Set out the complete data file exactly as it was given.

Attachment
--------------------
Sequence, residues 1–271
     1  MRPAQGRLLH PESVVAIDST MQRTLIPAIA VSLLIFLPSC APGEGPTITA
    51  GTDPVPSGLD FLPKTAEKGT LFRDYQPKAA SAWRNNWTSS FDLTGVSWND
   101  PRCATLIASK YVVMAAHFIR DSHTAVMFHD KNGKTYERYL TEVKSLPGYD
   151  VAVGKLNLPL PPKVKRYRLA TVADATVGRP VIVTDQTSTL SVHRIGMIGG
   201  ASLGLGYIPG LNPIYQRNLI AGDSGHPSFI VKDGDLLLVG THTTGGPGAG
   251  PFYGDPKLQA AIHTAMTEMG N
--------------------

Sequence, residues 1–271
     1  MRPAQGRLLH PESVVAIDST MQRTLIPAIA VSLLIFLPSC APGEGPTITA
    51  GTDPVPSGLD FLPKTAEKGT LFRDYQPKAA SAWRNNWTSS FDLTGVSWND
   101  PRCATLIASK YVVMAAHFIR DSHTAVMFHD KNGKTYERYL TEVKSLPGYD
   151  VAVGKLNLPL PPKVKRYRLA TVADATVGRP VIVTDQTSTL SVHRIGMIGG
   201  ASLGLGYIPG LNPIYQRNLI AGDSGHPSFI VKDGDLLLVG THTTGGPGAG
   251  PFYGDPKLQA AIHTAMTEMG N